Maybe USDOT should outsource their traffic forecasts to investors with money riding on the forecast, or simply create a Kaggle competition.

    They ought to have Chinese Walls separating forecast generation from forecast use, and even then…

  8. Looks like Indiana nailed the window to do a long term lease of their toll road in 2006! (I-80/I-90). Taxpayers win; caveat emptor.

    Source: I was part of the State of Indiana deal team.

  9. Pingback: Traffic Projections and Extrapolation Failures | therhinorceros

  10. I started my career in the electric utility business in New England. We had forecasts that looked very much like the DOT after the first OPEC embargo, when households and businesses started conserving because of price.

    Utilities kept right on assuming that electric consumers would return the old trend line, after people got tired of turning off the lights after the left a room.

    We used to call those DOT like graphs, fan graphs.

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  12. Criticism seems justified in these cases, however at least for some public entities, not revealing market-sensitive information may be an objective in itself. A simple linear trend is a particularly straightforward (sorry) way of achieving that. Maybe then it should not be called a “forecast”, but it could still be useful in 1) prompting thoughts on what underlying factors may be different in the future, and 2) giving perspective on what the historical development was actually like.

  13. The first graph looks a lot like a graph (the NERC fan) presumably in showing NERC forecasted electricity consumption in the USA, except that the forecasts rose exponentially, not linearly. I haven’t read that article; I’ve seen the graph on p. 642 of John Sterman’s /Business Dynamics/. Chapter 16 of that text is a good one to read when thinking about forecasting.

  14. fair enough, but you’d have a field day with forecasts from National Association of Realtors, S&P, Gartner Group.

    even the crowdsourced forecast known as the financial market is often spectacularly wrong.

    when anyone makes a forecast, you need to understand, the context, incentives, etc.

    human fallibility is not a left/right commissar/capitalist pig issue.

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  16. Could we infer from this that the DOT’s (and Samuelson) did not have a crystal ball? Without a crystal ball, most projections are nearly worthless, even those done more carefully than the traffic projections. The exceptions are when things have actually been constant for decades.

    • Skeptonomist:

      1. Organizations make forecasts because they need to make decisions. Good forecasts are better than dumb forecasts. If you think most projections are nearly worthless, that’s fine, you can do something else, they’ll hire someone else to do forecasts who is actually interested in the job.

      2. Actually, that “crystal ball” thing is just a story. Crystal balls don’t really tell the future. Don’t believe everything you see in the movies.

      3. See the last paragraph in my above post. To make a mistake is fine. To repeat a mistake over and over after it’s been contradicted by the data, that’s not so fine.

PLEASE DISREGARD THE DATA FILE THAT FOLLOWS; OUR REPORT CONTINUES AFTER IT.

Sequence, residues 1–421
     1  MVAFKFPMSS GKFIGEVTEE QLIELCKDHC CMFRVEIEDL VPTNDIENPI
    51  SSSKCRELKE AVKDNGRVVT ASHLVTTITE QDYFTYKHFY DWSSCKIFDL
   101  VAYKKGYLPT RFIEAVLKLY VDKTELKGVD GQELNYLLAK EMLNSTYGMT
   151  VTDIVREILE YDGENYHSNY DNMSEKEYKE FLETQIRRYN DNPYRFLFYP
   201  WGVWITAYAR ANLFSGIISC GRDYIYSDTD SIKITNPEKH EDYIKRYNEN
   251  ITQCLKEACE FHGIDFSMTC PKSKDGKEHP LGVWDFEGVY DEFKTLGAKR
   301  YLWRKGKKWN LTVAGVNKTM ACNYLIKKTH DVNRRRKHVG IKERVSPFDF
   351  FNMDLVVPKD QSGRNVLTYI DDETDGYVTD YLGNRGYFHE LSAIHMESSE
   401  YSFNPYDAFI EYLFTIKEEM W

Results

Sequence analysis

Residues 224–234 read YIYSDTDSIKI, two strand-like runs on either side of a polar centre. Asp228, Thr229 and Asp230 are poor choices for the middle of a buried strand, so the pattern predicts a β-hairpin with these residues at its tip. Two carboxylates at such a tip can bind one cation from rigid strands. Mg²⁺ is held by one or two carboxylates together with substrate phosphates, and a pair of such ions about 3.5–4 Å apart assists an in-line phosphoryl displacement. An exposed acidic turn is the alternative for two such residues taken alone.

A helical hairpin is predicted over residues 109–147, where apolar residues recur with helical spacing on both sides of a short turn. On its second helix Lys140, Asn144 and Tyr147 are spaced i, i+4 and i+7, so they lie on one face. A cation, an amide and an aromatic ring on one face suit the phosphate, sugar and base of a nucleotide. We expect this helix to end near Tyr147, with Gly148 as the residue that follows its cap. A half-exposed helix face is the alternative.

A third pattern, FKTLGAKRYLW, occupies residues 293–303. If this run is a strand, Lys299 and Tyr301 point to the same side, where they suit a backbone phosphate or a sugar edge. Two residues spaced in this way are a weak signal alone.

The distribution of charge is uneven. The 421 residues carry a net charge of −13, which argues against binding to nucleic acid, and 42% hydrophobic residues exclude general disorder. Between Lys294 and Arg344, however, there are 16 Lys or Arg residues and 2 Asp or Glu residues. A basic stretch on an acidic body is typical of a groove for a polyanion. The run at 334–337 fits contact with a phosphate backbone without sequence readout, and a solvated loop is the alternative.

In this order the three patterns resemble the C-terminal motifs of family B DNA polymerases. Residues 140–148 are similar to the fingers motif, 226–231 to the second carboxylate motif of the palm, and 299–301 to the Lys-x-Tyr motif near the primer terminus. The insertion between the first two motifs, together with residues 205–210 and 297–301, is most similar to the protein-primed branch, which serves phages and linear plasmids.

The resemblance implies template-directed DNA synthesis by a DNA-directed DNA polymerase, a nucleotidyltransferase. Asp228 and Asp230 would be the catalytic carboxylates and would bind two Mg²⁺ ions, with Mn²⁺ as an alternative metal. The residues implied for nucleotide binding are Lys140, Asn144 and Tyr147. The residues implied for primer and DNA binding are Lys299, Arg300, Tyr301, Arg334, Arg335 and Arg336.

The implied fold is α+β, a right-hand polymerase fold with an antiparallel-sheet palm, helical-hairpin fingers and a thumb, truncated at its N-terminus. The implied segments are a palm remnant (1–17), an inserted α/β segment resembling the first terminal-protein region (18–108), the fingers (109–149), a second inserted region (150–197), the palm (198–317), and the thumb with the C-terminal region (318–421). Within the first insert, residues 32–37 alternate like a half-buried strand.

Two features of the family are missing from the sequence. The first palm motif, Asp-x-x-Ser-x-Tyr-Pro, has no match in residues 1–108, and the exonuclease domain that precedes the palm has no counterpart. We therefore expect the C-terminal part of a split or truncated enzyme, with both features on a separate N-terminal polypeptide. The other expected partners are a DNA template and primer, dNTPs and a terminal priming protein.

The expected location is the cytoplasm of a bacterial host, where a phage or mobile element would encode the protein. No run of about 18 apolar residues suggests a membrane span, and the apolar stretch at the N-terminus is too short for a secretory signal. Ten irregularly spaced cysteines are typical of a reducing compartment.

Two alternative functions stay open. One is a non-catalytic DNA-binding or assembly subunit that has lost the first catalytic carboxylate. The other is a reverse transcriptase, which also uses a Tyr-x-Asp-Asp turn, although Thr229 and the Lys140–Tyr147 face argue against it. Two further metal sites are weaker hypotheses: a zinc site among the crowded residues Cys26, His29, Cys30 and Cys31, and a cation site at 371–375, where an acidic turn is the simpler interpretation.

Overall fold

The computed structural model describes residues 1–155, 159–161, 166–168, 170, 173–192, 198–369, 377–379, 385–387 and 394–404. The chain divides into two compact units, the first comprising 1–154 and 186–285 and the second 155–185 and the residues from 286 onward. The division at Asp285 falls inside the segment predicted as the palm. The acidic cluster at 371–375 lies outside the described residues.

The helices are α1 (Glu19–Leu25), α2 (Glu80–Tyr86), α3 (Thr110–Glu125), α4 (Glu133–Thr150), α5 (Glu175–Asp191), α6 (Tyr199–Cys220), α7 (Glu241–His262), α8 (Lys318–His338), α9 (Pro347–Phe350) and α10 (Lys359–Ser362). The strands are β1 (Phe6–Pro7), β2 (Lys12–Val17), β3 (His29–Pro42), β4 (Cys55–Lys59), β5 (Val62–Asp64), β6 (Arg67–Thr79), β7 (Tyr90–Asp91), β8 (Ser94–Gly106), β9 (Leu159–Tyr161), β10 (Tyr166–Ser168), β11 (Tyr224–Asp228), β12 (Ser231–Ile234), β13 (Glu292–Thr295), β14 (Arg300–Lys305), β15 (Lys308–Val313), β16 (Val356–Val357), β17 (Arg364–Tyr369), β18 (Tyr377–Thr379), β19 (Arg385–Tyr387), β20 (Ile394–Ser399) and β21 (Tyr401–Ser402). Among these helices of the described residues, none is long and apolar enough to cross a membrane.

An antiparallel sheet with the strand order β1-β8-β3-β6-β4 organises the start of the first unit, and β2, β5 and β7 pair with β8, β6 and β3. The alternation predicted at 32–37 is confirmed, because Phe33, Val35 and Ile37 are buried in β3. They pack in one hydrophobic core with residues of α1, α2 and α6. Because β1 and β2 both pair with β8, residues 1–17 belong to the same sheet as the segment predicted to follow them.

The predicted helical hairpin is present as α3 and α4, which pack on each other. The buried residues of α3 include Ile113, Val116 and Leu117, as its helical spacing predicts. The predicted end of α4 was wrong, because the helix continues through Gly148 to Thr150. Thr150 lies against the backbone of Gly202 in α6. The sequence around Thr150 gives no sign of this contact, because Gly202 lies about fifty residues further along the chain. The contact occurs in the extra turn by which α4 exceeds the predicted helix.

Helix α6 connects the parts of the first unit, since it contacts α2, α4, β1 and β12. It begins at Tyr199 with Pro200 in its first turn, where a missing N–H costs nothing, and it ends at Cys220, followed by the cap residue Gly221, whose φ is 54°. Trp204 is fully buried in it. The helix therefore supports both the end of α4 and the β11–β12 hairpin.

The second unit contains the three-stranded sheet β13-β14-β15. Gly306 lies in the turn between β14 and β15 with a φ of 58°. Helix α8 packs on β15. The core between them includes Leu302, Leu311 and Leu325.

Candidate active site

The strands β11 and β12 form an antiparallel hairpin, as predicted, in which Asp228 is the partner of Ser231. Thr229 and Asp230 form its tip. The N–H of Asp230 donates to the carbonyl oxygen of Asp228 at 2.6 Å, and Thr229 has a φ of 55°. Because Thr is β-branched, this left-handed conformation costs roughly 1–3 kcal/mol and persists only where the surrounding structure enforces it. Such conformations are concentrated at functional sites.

• Andrew:

        “Organizations make forecasts because they need to make decisions”


        “Organizations make forecasts because they need funding”

        OR, more generally

        “Organizations make forecasts because they need [X]”

        Depending on X, USDOT’s forecasts my have been very useful indeed.

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  19. The Department of Transportation was hardly alone in making this forecasting error. During the 2000s, the health of the economy rested upon the assumption that housing in the exurbs was a great investment because people would commute ever further to work. The collapse of some subprime firms in 2007 raised the first questions about this assumption. The gasoline price rise in the first half of 2008 finally killed that fantasy, leading to the collapse of Lehman Brothers in the late summer of 2008 and the ensuing deep recession.

    • In other words, up through more or less September 14, 2008, the Big Money Boys were betting overwhelmingly on more miles being driven. Isn’t it asking a little much to demand that the lowly bureaucrats at the Department of Transportation have contradicted the Wisdom of the Markets?

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  21. In Utah, I’ve worked as a consultant for opponents of building a water pipeline from Lake Powell to St. George.

    I have no personal preference in this case, but it’s relatively easy to support the opposition with arguments based on data.

    State population forecasts are largely linear extrapolations. The local water authority has calculated the maximum population that can be supported by all available water resources in the area (including Lake Powell). The state’s population forecast rises smoothly to that limit, and then plateaus.

    It never seems to occur to anyone in the water authority, the county, or the state, that the plateau is determined by the yes/no answer to whether or not a pipeline will be built. In fact, the position is along the line that the pipeline must be built because the population estimates (based on the assumption that the pipeline will be built) can’t be supported unless the pipeline is built.

  22. Pingback: Updates of bad forecasts: Let’s follow them up and see what happened! « Statistical Modeling, Causal Inference, and Social Science

  23. Looking at the lastest (pre COVID) traffic data from Jan this year, I think the updaters might need to update their forecasts! (see page 9)

    Basically, I’d give a “win” to the belief traffic will grow in the future over the belief that we should have corrected our forecast and learned from our mistakes and think traffic is flat (or even decreasing).